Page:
Dance with What You Brought

Wheelgun Diaries
21

They say every gun has a story. A reader submission series from American Handgunner, Wheelgun Diaries seeks to tell some of those stories through the words of revolver owners.

The following stories were shared by email with permission to publish.

Dance with What You Brought

On October 2, 1981, I joined the Hudson (NC) Police Department. When I reported for duty I was armed with my personal Smith & Wesson Model 66. The Department issued Model 10s but allowed officers to carry personal weapons in .38 or .357. Oddly, the Department did not issue ammunition, so my S&W 66 was loaded with my 110-grain handloads.

For Christmas, my parents bought me a Second Chance vest. It came with a test pad and instructions to test your duty ammo in case your weapon was turned on you. Naturally, I rolled up a pair of jeans and taped the test pad to them and fired my handload. The result was a thumb-size hole through the test pad and halfway through my jeans. The next day I bought a box of factory loads.

Time passed and duty weapons changed, as my Model 66 was replaced by a lightweight Commander, and then a SIG SAUER P220. Before I knew it, 30 years had passed.

On my last day (October 31, 2011), I reported to duty carrying my S&W 66 for the last time. I’ve always believed you should dance with the one that brought you. Strangely, I never felt the least bit under-gunned.

David Greene

Light, Yet Powerful

I wanted a light, yet powerful handgun to carry while hiking. The Adirondacks of New York offer enough area to get lost in and have their share of black bears, and even where I live now in South Carolina, an encounter with bear and poisonous snakes can happen.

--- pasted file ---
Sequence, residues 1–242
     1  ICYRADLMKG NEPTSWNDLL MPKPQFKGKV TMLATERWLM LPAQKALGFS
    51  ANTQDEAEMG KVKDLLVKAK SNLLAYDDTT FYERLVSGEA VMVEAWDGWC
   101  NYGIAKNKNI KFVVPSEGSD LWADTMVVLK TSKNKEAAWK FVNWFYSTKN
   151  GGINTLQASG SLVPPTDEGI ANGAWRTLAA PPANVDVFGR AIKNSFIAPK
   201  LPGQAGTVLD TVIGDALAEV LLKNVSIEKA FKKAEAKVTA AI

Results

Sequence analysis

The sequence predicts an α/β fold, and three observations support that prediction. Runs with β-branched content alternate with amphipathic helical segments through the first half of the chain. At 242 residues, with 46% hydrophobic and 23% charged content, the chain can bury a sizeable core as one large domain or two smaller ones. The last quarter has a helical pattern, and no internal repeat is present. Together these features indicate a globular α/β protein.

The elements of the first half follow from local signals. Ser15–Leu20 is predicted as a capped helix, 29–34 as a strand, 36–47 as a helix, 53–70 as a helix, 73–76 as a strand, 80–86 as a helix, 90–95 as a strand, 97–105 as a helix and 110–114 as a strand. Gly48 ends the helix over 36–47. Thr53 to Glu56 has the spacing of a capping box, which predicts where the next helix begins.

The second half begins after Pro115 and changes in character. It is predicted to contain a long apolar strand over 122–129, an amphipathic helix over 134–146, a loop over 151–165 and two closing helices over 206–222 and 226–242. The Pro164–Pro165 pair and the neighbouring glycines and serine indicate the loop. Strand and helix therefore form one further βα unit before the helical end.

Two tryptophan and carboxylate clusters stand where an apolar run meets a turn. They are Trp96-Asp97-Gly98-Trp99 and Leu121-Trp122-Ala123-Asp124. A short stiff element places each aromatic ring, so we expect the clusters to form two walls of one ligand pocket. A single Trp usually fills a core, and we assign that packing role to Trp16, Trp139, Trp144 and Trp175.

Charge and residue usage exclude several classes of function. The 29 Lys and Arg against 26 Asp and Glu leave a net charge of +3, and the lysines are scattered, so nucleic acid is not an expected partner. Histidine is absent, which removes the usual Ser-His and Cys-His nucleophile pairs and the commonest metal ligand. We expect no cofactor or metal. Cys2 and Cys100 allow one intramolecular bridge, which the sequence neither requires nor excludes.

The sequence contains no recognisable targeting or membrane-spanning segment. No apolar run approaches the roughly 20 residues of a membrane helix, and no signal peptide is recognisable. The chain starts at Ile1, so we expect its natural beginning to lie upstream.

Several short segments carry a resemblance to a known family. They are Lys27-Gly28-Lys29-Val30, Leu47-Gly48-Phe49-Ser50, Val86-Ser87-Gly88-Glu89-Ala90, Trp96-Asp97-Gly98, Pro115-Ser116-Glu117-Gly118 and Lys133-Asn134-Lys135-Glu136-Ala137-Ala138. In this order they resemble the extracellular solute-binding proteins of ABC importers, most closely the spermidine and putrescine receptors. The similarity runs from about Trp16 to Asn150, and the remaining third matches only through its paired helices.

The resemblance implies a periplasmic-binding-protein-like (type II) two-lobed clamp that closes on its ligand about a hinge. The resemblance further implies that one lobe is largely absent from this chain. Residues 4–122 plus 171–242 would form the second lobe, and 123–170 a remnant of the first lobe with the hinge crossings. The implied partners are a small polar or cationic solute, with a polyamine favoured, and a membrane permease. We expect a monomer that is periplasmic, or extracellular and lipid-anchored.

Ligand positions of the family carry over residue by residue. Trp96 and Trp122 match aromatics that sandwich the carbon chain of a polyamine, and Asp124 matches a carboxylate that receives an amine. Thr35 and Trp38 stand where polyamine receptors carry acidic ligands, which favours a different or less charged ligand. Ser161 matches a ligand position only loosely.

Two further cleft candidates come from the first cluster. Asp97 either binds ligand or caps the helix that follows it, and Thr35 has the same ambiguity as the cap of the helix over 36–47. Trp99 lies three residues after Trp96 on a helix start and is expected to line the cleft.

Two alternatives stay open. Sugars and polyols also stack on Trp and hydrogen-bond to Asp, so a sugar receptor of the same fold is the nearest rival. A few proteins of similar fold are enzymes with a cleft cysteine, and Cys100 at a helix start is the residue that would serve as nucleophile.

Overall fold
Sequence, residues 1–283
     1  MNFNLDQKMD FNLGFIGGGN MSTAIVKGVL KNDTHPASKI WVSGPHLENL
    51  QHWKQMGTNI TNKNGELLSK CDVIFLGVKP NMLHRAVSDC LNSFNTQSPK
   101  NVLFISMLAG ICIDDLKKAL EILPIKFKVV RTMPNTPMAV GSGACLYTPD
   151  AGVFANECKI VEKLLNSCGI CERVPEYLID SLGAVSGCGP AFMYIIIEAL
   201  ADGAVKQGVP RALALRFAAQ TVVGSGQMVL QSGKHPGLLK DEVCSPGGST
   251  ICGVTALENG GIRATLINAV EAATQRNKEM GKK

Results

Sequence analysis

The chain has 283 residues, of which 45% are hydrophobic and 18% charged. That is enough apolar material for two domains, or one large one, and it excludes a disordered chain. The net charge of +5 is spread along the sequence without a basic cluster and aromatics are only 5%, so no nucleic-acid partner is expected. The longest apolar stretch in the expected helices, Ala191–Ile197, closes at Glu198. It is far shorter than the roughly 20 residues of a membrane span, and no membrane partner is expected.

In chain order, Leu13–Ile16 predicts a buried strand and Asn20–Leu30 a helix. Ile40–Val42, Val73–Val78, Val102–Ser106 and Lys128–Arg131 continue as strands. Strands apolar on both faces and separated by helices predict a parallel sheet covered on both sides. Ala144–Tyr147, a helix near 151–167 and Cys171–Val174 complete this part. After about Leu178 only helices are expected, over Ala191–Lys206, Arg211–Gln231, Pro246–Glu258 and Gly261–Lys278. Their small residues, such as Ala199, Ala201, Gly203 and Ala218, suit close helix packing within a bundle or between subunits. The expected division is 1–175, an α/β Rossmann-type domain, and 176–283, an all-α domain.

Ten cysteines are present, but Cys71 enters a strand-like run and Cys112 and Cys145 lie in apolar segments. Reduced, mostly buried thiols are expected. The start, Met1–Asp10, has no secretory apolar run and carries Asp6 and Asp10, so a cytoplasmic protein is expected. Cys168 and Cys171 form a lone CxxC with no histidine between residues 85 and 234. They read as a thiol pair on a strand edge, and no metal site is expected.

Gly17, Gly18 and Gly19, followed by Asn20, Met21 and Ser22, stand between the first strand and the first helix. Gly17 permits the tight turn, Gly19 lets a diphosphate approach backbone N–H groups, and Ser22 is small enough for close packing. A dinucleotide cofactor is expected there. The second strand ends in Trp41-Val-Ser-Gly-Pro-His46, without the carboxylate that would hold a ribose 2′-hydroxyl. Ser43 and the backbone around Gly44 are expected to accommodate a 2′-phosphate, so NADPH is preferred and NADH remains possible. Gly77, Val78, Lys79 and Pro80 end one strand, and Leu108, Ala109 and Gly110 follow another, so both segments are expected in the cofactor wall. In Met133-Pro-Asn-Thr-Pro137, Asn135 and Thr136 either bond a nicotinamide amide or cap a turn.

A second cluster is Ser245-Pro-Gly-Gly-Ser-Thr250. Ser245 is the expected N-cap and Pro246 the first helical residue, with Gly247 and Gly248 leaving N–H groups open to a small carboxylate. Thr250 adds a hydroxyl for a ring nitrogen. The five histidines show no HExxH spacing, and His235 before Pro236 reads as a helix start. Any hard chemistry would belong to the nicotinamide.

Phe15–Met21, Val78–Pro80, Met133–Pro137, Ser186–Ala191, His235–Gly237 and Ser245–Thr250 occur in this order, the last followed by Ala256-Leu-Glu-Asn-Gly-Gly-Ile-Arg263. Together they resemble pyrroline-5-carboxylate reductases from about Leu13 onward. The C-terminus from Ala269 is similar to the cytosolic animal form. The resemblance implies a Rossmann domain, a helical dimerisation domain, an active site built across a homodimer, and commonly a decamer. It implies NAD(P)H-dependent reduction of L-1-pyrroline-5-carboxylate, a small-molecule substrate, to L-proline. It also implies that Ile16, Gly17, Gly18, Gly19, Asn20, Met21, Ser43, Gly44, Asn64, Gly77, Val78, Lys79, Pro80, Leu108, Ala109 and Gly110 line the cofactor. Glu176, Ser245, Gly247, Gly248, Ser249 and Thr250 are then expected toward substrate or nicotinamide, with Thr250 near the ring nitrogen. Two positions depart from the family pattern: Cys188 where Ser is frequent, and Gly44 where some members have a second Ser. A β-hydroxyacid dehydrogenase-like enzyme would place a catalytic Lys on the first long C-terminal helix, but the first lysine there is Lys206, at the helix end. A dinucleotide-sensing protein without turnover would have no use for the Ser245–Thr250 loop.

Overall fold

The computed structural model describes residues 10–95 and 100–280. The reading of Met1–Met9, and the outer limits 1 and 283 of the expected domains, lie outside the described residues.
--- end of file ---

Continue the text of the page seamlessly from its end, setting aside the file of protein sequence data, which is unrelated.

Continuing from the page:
Since I shoot 45 Colt already, this seemed to be the caliber of choice. Loaded with handloads using the RCBS 45-270-SAA bullet, or handloaded shot loads in .454 Casull brass, it can take on whatever chore is required.

I started with a Ruger flattop Blackhawk in .45 Colt with the extra .45 ACP cylinder. Both cylinders have the leading edge chamfered like Colt black powder guns. The already short 4-5/8″ barrel was further shortened to 4″ and I added a custom front sight of my design with a Birds Head grip frame with custom spalted maple grip panels to replace the original. Other changes are a jeweled Super Blackhawk hammer, a Colt style 1/2 moon ejector rod, Belt Mountain base pin and a Wolfe trigger spring kit.

Carried in an El Paso Saddlery crossdraw holster, it is an unobtrusive companion when walking the trails.

Jim Gross
South Carolina

Wheelgunner Feedback

“Thank you so much for these revolver articles. Being retired law enforcement, I started at the time when agencies were transitioning to semi-autos. At the time, most semi-autos didn’t suit me well and I was extremely proficient with my S&W Model 10-6. (I’m sure my eyesight back then helped, too.) It wasn’t until GLOCKs came on the scene that I became proficient and trustworthy of semi-autos. To this day, I still shoot my revolver better than any service weapon.

Please keep these articles coming. I wish they were available in print, but what else do you expect from an old geezer.”

— Unnamed Wheelgunner (via email)

Submit Your Wheelgun Diaries

Do you have a wheelgun story to tell? Send us a photo and your story by email and you could see it published here and featured in our weekly Wheelgun Wednesday newsletter.

Send to: [email protected]